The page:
Zyazikov lacks support even among his former colleagues in the FSB, wrote Riskin: “Though only very late, the Chekists did finally inform their colleagues in the Interior Ministry about the plans of the guerrillas—but they did not say anything to the president of the republic. It is no accident that more and more Ingush are saying that ‘Aushev [i.e. Ruslan Aushev, Zyazikov’s predecessor] would not have allowed this.'”

Riskin quoted yet another aggressive protest against Zyazikov’s policies from a high-ranking Ingush political leader: Musa Ozdoyev, a deputy in the republic’s legislature. Ozdoyev demanded that Zyazikov be removed from his post and that the federal center impose direct presidential rule in Ingushetia. According to Riskin, the deputy shares the view “that the cause of the tragedy [i.e. last month’s guerrilla raid] was the lack of support among the populace for Murat Zyazikov and his circle.” The Izvestia correspondent quoted Ozdoyev as insisting that “the total powerlessness of Zyazikov has led to a situation in which young people are virtually standing in line in order to volunteer to go off into the hills [i.e. to join the rebel underground].” Riskin added that in his own opinion not only Zyazikov, but also “all the branches of government” have failed to “control the situation in the region.”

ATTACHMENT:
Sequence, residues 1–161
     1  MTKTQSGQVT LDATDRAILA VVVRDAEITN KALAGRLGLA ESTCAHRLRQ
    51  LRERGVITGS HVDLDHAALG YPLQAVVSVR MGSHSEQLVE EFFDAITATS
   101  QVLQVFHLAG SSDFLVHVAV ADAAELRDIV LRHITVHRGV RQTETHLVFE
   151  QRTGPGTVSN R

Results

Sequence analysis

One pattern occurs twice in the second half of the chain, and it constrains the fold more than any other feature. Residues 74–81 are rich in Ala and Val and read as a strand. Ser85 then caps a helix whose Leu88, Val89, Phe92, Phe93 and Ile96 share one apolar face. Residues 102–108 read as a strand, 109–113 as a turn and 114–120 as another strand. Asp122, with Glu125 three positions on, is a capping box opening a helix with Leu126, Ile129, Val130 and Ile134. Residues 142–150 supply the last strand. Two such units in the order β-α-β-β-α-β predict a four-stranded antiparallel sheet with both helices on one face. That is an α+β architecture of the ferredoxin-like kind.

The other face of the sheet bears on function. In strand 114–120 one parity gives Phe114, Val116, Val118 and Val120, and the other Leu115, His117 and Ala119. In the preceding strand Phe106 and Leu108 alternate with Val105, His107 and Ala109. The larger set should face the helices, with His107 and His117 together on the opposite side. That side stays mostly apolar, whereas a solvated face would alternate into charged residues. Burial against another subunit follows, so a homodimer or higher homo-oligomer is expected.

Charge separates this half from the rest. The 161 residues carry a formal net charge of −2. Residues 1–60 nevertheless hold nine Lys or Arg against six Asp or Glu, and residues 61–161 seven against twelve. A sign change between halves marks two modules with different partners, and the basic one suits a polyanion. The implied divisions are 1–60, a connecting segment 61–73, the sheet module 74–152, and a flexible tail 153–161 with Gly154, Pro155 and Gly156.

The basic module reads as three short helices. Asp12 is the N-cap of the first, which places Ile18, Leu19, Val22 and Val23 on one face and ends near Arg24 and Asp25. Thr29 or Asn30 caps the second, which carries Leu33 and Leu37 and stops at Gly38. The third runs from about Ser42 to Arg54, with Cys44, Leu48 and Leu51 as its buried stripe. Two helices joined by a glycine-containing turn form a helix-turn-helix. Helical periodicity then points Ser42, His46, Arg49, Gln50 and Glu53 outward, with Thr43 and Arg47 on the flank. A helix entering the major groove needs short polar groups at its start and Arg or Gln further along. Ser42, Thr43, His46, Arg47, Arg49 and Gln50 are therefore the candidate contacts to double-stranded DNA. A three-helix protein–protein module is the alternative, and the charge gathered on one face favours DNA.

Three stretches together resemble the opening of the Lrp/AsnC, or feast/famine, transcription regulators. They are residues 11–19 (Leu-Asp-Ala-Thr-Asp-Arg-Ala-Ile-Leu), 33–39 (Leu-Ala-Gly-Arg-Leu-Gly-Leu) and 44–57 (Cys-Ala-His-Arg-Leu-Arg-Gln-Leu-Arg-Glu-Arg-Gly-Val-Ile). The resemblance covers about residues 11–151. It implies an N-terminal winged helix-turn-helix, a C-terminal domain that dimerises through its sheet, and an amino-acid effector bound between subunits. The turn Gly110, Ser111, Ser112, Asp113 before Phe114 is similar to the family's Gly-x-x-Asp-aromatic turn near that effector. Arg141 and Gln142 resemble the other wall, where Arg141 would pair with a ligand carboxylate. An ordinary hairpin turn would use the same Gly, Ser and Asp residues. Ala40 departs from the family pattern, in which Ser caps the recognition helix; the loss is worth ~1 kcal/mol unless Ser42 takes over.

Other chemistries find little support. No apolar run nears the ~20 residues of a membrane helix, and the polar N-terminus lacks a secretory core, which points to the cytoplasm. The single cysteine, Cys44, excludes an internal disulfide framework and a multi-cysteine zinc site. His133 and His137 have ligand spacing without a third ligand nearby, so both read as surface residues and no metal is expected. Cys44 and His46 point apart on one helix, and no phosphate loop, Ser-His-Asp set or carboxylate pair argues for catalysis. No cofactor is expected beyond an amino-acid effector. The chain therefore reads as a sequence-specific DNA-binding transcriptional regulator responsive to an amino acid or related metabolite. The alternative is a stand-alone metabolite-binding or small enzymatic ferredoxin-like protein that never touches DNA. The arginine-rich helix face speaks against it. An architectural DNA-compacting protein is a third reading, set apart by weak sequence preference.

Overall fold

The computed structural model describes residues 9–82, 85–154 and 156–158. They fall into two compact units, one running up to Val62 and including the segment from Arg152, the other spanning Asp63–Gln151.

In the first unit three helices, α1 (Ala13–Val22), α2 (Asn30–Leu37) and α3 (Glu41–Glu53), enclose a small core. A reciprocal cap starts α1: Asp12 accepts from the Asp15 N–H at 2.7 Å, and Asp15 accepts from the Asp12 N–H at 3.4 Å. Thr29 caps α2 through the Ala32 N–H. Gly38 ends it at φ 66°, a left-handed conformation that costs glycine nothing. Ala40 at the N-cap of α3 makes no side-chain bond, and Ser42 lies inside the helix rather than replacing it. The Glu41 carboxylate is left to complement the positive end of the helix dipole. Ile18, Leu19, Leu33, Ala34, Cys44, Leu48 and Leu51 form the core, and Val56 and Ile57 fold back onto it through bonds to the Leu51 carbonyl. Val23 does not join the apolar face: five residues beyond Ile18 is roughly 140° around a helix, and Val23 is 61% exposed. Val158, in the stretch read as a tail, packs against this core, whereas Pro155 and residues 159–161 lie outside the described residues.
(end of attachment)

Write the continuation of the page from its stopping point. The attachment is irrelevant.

As an example, Riskin cited recent reports in the Russian mass media that the security agencies were claiming to have tracked down and slain the organizer of last month’s massive guerrilla raid, said to be one “Magomed Yevloyev” with the nom de guerre “Magas.” But it turned out that the man they had killed was not Yevloyev but a rank-and-file guerrilla, nicknamed not “Magas” but “Boroda” [beard]. This “Boroda” was also alleged to have been a participant in the raid, but Riskin expressed skepticism even of that claim.

Riskin also quoted Musa Aliev, deputy head of Ingushetia’s Interior Ministry, who said that the guerrillas who mounted last month’s raid were directed “from a single center” in the North Caucasus. Since the simultaneous attacks on various targets in Ingushetia were obviously coordinated and carefully planned, that observation would seem obvious and even banal; but Riskin commented sarcastically, “where during that time was the single command center for the anti-terrorist operation in that very same North Caucasus?” Like other observers, he noted that “for example, the battle continued in Nazran for more than four hours, but nobody came to help the local police—who did not even have grenade launchers.” Thus “one gets the impression that the management of this grandiosely proclaimed anti-terrorist operation consists solely of triumphant declarations of victory from the official spokesman for the regional operations staff, Ilya Shabalkin.”

Overall, concluded Riskin, “the guerrillas have again shown their strength while the security agencies have demonstrated their utter lack of military readiness. For the last year the authorities have repeatedly assured us Russians…that the large-sized illegal armed formations have been crushed and that there remain only small bands which are engaged in robbery…But now it turns out that these remnants have their own ‘single center’…”

The Kremlin’s new hostility toward Zyazikov will of course be fortified by his recent call for peace talks in Chechnya, which the Kremlin’s dominant faction adamantly opposes.